My sister is looking for a little help for her gentleman friend’s pup-pup, Bubba. They got some bad news from the veterinarian that Bubba may have cancer and they need some financial assistance to get him the tests and treatments he’ll need. So they have set up a Gofundme page to take donations, please help if you can, even a couple bucks will do. Thanks!
On July 30 I signed up on Coursera to take their “verified certificate” version of the course Evolution: A Course for Educators, taught by Joel Cracraft and David Randle of the American Museum of Natural History. I figured it would be fairly easy given my background and the certificate would add a little something to my resume. So, as I said, I signed up, paid the $29 fee for the certificate got an email receipt back from Coursera and waited for the class to start on Aug. 3rd.
Aug. 3rd quickly rolls around and I get another email, ostensibly from Cracraft & Randle, welcoming me to the course.
Then I tried to log in and start the course only to get a 404 error message telling me that the page for the course isn’t there.
I contact Coursera and they send back the usual “use X browser & clear your cache” troubleshooting message. I was already using browser X and I cleared my cache but this has no effect and I inform Coursera of this.
Next I get an email telling me that the course I signed up for has “changed format” (apparently in a matter of days) and that I needed to “un-enroll” from the old course, get my money back and then re-enroll in the new version.
One problem though, the new “format” is $20 more than the old one!
I suggest to them that since I already paid the price they had asked for (and got a receipt & welcoming email etc.) that they should allow me access to the course.
They responded by refunding my money and telling me (in corporate happy talk) that it was too damn bad and that if I wanted to take the course I would have to cough up $49 dollars, going so far as to suggest that I look into their financial aide services if I thought that would help.
Well, instead of paying more money I am telling everyone I know about their bait and switch and asking that you pass this on on Facebook and Twitter and the like. Thanks!
[And I was so looking forward to the Dinosaur Paleobiology course they offer as well…]
I cannot let this wonderful historic day go unremarked upon here on PCwP. The Supreme Court of the United States has ruled in favor of marriage equality for all Americans straight or gay! Good on the SCOTUS majority! Well done! Here is a link to their official decision in the Obergefell v. Hodges case.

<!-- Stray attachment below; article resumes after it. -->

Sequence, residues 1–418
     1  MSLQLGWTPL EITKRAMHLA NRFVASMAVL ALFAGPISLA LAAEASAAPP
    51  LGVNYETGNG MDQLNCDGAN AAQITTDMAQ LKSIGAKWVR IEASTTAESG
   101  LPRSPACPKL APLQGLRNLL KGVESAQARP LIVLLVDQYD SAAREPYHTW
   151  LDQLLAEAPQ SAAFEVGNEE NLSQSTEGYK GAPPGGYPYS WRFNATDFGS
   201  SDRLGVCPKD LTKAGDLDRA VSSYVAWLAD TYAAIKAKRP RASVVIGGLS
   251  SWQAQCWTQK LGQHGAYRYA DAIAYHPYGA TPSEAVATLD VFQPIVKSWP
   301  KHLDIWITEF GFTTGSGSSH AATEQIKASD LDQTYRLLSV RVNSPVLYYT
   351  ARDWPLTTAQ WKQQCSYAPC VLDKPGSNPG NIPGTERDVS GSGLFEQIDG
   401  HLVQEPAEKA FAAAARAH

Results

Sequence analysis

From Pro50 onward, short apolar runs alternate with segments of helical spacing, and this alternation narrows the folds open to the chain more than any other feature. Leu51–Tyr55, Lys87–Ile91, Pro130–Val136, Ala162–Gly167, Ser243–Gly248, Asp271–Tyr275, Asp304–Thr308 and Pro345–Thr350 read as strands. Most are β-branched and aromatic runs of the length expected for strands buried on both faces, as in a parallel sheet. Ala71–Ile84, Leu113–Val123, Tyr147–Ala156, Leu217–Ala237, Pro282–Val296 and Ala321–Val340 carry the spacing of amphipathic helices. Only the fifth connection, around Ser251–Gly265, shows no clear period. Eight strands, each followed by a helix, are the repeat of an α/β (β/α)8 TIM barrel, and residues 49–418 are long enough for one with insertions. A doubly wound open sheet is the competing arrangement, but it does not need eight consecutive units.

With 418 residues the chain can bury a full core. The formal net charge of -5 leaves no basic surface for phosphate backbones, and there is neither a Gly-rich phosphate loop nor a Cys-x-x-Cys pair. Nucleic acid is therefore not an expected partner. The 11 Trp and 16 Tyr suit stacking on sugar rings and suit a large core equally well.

As for the SCOTUS minority, congratulations, you will go down in history as those on the wrong side of the fight for freedom, equality, and humanity.
Last weekend while I was awaiting delivery of my copy of Cambridge University historian of science Nick Hopwood‘s new book Haeckel’s Embryos: Images, Evolution, and Fraud (2015) on 19th century biologist Ernst Haeckel and his (in)famous embryo illustrations, (which I have written about a few times here an PCWP and elsewhere), I got a Facebook notification that I had been “tagged” in a post by my friend (in real life, not just Facebook) and colleague Dr. Nick Matzke. The somewhat cryptic post said the following:
Hey look who’s in the acknowledgements – Troy Britain
Attached to this comment was the following picture:
Thereafter the comments conversation between Nick M. and I went like this:
Me: Wait, wait, wait, this isn’t Hopwood’s new book is it (my copy is in route)?!
Nick: Yep it is!!
Me: Holy crap!
Apparently Professor Hopwood was kind enough to mention me (and Nick Matzke as well) in the acknowledgements section of his new book (page 304).
The relevant section reads as follows:
For crucial pieces of advice, I thank Thomas Brandstetter, Troy Britain, Solveig Jülich, Ron Ladouceur, Nick Matzke, Signe Nipper Nielsen, Ron Numbers, Jesse Olszynko-Gryn, and Constance Sommerey…
Quite an honor! All the more given the company of people like Nick Matzke, Ron Numbers and the rest.
Thank you Prof. Hopwood, you are too kind! And thank you for writing this book! It needed to be done and I look forward to reading it (or rather the rest of it, I’m up to chap. 3 already)!